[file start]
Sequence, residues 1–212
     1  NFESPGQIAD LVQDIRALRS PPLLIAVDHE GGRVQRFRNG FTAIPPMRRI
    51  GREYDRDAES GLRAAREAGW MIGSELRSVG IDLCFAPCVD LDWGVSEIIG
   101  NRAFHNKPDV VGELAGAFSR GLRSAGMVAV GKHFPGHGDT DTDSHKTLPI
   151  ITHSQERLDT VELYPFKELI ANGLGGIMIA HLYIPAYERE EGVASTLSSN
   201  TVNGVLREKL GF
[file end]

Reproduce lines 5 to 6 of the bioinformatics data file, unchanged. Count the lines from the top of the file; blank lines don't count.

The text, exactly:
   151  ITHSQERLDT VELYPFKELI ANGLGGIMIA HLYIPAYERE EGVASTLSSN
   201  TVNGVLREKL GF